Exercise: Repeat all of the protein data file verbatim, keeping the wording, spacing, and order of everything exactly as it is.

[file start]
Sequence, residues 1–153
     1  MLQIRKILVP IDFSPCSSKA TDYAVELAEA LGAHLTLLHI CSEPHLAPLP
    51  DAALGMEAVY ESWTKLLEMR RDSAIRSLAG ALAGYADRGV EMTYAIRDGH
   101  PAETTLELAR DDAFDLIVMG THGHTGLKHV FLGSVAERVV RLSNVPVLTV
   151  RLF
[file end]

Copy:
Sequence, residues 1–153
     1  MLQIRKILVP IDFSPCSSKA TDYAVELAEA LGAHLTLLHI CSEPHLAPLP
    51  DAALGMEAVY ESWTKLLEMR RDSAIRSLAG ALAGYADRGV EMTYAIRDGH
   101  PAETTLELAR DDAFDLIVMG THGHTGLKHV FLGSVAERVV RLSNVPVLTV
   151  RLF